• 14.
    Bagherbandi, Mohammad
    et al.
    University of Gävle, Faculty of Engineering and Sustainable Development, Department of Industrial Development, IT and Land Management, Urban and regional planning/GIS-institute.
    Tenzer, Robert
    Institute of Geodesy and Geophysics, School of Geodesy and Geomatics, Wuhan University, Wuhan, China .
    Comparative analysis of Vening-Meinesz Moritz isostatic models using the constant and variable crust-mantle density contrast – a case study of Zealandia2013In: Journal of Earth System Science, ISSN 0973-774X, Vol. 122, no 2, p. 339-348Article in journal (Refereed)
    Abstract [en]

    We compare three different numerical schemes of treating the Moho density contrast in gravimetric inverse problems for finding the Moho depths. The results are validated using the global crustal model CRUST2.0, which is determined based purely on seismic data. Firstly, the gravimetric recovery of the Moho depths is realized by solving Moritz’s generalization of the Vening-Meinesz inverse problem of isostasy while the constant Moho density contrast is adopted. The Pratt-Hayford isostatic model is then facilitated to estimate the variable Moho density contrast. This variable Moho density contrast is subsequently used to determine the Moho depths. Finally, the combined least-squares approach is applied to estimate jointly the Moho depths and density contract based on a priori error model. The EGM2008 global gravity model and the DTM2006.0 global topographic/bathymetric model are used to generate the isostatic gravity anomalies. The comparison of numerical results reveals that the optimal isostatic inverse scheme should take into consideration both the variable depth and density of compensation. This is achieved by applying the combined least-squares approach for a simultaneous estimation of both Moho parameters. We demonstrate that the result obtained using this method has the best agreement with the CRUST2.0 Moho depths. The numerical experiments are conducted at the regional study area of New Zealand’s continental shelf.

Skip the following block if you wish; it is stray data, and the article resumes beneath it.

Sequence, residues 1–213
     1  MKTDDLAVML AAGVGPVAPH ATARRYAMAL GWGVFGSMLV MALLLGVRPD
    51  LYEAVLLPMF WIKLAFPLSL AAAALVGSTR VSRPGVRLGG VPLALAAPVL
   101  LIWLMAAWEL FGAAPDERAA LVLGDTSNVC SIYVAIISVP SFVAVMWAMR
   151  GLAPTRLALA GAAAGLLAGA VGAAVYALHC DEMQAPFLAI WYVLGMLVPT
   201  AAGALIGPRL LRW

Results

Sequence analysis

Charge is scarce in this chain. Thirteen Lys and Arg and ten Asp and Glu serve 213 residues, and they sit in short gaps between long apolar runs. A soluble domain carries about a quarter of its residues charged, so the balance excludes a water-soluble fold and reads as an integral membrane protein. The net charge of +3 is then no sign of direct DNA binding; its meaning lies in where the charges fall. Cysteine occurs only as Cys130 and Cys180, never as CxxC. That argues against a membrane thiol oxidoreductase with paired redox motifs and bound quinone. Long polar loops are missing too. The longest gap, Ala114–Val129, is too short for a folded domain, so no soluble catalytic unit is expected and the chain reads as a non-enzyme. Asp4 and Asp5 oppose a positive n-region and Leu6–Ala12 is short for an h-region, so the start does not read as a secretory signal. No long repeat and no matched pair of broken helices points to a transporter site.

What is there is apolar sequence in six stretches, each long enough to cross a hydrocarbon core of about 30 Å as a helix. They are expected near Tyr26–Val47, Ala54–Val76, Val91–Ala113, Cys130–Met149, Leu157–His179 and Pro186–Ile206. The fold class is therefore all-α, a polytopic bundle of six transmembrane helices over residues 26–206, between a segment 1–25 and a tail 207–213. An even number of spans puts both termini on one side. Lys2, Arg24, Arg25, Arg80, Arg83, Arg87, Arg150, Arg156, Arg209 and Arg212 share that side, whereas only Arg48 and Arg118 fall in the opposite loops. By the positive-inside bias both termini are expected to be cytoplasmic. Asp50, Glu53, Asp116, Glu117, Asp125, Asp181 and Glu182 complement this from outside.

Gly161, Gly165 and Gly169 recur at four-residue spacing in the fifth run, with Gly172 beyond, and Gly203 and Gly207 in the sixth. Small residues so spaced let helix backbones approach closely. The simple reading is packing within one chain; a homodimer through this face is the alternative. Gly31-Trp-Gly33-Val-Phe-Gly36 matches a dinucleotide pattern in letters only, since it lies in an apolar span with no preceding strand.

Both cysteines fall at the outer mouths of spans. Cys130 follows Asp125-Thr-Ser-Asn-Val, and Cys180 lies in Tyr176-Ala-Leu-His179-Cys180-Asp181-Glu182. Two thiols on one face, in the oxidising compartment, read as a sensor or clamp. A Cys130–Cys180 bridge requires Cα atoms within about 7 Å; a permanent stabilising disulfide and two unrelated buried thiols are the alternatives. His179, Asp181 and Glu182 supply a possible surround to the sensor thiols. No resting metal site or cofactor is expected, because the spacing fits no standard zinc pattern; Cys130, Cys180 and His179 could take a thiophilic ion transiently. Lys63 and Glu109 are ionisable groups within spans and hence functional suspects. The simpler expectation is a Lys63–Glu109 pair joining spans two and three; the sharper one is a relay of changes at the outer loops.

• 15.
    Bagherbandi, Mohammad
    et al.
    University of Gävle, Faculty of Engineering and Sustainable Development, Department of Industrial Development, IT and Land Management, Land management, GIS.
    Tenzer, Robert